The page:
Guest Author - Carolyn Chambers Clark, RN, EdD
If you're trying to be assertive, it's helpful to find out how you may be sabotaging yourself by being aggressive.
If you have low self-esteem, high stress, and few assertive skills, you may find yourself taking your feelings out on others by being aggressive.
Aggressive message usually contain the word "you," as in, "You don't know what you're talking about." Aggressiveness can be implied in "Don't shout at me!"
Aggressiveness and avoidance are related in the sense that both are the opposite of assertive behavior. If you tend to avoid situations, eventually you will have your fill and probably blow up and get angry. You may experience a buildup of angry and resentful feelings that may then erupt in emotional upset or outbursts.
If you're passive-aggressive, you may...
*use subtle put-downs
*be chronically forgetful
*call in sick (when you're not)
*fantasize and daydream instead of paying attention
*try to make other people feel guilty
*say yes and then not act on it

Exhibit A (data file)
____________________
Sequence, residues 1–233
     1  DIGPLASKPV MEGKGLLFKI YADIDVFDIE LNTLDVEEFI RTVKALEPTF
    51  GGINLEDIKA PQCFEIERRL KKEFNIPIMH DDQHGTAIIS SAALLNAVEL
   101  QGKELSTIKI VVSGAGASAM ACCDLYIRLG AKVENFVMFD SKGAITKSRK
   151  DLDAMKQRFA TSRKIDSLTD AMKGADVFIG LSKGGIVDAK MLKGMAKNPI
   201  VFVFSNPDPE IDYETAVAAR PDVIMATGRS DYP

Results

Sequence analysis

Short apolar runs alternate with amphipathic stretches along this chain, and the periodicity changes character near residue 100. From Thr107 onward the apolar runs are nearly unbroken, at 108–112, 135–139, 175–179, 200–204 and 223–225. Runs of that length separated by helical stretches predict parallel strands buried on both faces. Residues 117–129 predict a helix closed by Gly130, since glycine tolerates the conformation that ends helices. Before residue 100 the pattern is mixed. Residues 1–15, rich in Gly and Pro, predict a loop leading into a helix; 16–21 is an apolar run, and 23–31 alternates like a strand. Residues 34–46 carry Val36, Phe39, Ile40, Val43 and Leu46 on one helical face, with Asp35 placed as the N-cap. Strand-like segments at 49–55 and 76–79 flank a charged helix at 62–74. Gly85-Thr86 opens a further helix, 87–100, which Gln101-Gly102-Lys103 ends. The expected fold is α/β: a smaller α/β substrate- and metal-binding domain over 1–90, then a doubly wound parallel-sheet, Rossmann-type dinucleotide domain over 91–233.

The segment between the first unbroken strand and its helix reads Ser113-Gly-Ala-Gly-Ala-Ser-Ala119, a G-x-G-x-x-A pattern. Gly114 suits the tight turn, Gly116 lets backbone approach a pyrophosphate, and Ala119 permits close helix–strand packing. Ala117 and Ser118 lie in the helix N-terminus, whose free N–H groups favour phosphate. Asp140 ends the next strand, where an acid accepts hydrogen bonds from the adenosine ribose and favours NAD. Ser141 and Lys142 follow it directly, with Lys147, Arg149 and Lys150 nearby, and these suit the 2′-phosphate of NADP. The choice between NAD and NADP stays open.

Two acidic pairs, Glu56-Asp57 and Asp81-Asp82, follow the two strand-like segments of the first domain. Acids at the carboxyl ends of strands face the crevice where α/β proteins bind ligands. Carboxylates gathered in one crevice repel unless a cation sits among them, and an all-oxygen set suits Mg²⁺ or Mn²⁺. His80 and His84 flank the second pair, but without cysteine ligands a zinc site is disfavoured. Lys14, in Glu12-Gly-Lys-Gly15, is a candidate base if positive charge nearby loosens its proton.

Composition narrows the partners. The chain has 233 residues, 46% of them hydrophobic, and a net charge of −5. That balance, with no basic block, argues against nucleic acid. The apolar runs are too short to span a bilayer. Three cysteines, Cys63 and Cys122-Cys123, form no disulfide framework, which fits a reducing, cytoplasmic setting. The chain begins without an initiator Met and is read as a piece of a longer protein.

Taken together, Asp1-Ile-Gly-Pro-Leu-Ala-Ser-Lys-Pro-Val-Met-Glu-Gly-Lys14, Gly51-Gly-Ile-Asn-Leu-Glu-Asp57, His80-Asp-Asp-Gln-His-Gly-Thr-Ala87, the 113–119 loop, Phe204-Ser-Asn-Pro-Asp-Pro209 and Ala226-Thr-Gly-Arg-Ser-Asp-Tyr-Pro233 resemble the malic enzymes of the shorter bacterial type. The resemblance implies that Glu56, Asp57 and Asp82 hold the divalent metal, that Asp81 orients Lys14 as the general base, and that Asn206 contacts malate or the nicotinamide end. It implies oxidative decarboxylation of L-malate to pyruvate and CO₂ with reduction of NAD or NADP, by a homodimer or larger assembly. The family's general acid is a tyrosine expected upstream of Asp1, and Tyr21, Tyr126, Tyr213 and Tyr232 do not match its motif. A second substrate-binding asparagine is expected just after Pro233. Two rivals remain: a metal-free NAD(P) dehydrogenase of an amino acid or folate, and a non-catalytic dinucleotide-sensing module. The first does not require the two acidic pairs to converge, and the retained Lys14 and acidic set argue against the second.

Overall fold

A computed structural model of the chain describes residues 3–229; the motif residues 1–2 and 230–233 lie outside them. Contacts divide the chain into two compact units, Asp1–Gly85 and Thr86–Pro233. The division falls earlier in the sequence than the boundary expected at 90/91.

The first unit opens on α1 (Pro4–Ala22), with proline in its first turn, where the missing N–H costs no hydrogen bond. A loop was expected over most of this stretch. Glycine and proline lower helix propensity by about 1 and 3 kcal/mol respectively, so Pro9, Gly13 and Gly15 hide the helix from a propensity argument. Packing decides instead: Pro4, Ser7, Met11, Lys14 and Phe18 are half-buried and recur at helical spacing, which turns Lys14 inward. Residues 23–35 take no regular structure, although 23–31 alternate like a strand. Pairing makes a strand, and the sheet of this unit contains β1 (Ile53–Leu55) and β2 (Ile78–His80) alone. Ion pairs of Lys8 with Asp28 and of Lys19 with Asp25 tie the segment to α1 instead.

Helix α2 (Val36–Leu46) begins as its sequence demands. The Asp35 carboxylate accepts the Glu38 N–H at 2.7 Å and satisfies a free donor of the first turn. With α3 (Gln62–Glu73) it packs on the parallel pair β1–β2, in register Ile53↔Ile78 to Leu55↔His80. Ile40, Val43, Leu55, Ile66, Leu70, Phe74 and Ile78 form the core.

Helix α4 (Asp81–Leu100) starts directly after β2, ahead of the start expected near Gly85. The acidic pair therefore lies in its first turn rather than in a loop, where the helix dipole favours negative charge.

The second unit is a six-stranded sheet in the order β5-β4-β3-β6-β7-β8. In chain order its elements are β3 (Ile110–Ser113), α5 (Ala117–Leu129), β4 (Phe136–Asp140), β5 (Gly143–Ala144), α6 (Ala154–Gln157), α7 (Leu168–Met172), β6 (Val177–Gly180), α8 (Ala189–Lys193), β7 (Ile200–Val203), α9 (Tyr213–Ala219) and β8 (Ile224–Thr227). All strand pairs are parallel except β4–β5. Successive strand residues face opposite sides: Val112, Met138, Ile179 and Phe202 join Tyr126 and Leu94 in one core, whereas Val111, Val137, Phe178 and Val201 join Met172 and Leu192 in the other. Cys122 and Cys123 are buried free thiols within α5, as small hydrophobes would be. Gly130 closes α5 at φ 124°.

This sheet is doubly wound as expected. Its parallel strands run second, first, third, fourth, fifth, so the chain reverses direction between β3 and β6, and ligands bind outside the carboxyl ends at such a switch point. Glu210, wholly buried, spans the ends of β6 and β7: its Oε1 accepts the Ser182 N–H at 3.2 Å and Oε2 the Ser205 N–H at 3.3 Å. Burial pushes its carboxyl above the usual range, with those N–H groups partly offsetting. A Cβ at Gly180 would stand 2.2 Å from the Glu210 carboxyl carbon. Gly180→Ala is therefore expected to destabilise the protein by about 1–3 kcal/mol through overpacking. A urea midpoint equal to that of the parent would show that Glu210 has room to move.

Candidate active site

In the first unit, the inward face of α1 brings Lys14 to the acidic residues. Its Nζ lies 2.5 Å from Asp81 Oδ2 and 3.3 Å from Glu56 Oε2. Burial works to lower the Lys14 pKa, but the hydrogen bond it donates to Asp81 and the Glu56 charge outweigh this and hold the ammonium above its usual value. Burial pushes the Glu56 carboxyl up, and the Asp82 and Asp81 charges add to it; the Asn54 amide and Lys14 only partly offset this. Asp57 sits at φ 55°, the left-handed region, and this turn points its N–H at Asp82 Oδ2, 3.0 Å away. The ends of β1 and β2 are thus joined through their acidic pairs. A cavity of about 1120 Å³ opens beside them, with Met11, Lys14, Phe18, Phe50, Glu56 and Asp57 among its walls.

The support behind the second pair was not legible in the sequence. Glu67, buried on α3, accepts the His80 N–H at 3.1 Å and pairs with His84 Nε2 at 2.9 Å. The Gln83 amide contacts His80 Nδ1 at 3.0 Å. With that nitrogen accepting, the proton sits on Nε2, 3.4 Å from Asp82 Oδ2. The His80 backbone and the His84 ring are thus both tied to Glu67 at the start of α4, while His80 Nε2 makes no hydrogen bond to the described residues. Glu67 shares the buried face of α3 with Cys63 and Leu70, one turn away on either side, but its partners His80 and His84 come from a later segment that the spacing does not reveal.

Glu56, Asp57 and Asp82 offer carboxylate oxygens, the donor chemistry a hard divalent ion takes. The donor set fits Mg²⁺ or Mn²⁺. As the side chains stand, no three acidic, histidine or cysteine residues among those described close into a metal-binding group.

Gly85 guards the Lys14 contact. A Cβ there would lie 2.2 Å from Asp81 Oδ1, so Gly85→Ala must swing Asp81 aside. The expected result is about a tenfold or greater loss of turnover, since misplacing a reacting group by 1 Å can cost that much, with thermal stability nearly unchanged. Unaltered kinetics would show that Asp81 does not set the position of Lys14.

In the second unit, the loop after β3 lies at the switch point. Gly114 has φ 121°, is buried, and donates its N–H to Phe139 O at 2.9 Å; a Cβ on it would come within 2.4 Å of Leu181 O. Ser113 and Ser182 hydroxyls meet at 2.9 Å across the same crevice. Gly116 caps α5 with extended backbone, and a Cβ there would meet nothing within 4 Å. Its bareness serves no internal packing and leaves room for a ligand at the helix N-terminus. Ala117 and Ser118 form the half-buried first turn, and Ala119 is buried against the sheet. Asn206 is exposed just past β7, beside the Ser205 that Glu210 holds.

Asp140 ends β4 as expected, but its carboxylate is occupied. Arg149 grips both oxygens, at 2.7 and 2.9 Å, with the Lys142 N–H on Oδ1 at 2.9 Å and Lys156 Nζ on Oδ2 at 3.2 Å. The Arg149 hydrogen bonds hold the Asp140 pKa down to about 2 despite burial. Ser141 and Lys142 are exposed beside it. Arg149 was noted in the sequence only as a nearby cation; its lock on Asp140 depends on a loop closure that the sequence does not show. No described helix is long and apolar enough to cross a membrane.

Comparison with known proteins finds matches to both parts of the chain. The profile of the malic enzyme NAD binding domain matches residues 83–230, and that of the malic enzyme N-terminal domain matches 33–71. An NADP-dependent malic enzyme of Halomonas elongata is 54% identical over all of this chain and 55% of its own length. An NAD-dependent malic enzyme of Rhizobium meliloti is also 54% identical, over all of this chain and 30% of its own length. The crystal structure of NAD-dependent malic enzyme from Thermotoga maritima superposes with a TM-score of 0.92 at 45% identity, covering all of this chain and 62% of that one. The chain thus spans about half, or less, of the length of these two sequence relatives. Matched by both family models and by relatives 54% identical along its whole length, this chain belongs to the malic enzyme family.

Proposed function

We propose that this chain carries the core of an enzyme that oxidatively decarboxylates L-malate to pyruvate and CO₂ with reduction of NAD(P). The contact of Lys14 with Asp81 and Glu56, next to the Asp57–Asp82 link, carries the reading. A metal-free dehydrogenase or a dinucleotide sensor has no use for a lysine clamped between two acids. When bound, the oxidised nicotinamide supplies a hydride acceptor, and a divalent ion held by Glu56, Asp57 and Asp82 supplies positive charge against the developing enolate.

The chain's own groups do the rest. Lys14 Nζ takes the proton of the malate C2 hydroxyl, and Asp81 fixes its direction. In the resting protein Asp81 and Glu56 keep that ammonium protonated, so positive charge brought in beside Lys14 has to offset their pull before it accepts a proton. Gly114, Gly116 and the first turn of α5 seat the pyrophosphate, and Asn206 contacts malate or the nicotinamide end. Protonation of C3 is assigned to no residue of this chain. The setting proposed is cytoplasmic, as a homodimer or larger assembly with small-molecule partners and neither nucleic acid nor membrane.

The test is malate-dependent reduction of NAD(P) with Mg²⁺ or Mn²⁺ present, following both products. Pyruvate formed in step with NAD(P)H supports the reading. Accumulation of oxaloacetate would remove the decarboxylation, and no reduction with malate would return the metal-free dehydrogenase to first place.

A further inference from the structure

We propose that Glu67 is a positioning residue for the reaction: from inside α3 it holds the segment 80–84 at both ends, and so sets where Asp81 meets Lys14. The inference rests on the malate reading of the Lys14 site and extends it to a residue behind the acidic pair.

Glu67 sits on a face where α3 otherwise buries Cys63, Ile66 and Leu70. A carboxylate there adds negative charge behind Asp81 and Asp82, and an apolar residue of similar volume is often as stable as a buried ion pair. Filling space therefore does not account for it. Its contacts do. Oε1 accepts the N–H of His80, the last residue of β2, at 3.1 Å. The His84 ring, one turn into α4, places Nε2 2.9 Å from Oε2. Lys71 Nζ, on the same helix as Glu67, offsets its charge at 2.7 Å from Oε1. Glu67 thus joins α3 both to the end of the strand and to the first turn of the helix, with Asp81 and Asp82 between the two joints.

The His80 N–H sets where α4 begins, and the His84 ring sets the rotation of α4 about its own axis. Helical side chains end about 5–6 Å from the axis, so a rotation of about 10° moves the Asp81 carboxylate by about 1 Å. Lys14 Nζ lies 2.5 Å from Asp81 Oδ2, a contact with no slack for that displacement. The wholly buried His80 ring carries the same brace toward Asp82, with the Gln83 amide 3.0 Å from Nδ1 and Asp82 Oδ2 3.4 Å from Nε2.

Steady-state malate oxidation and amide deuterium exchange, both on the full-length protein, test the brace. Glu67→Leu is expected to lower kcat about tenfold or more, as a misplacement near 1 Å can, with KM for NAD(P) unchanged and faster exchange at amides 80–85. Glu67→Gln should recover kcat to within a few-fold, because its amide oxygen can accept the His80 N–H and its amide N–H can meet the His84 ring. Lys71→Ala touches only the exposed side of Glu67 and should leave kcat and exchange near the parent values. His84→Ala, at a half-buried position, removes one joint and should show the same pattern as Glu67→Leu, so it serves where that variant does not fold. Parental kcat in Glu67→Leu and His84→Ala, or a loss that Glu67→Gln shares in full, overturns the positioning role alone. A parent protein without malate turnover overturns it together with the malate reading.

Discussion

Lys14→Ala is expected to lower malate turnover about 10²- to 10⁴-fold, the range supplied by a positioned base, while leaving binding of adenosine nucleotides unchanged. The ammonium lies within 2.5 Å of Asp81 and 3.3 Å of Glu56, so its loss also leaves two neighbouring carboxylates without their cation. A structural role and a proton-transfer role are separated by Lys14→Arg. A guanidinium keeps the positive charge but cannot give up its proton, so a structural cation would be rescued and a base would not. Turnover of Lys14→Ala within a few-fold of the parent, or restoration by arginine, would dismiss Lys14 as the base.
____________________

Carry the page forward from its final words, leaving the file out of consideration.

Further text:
*pretend to be fragile so you intimidate others
*agree to anything so you don't rock the boat
*change the subject when a confrontation is about to occur
To identify your aggressive behavior, write a paragraph about the following situations. Identify how you acted aggressively either directly or indirectly, who was involved, what you and the other person(s) said and did, and how you felt about the outcome.
1. A time you lost your temper and blew up
2. A time you conveniently "forgot" to do something you have promised to do
3. A time you broke confidentiality by sharing something without checking first to make sure it was okay to share the information
4. A time you procrastinated and prevented others from completing their goals
5. A time you nagged someone
6. A time you called in sick before a tense meeting or confrontation
7. A time you either fantasized, daydreamed, or changed the subject when a confrontation was about to occur
8. A time when you tried to make someone else feel guilty
9. A time you criticized someone unfairly
10. A time you teased someone
Abstracted from Holistic Assertiveness Skills for Nurses---Empower Yourself (and Others!) By Carolyn Chambers Clark, published by Springer Publishing Company, NY, 2003.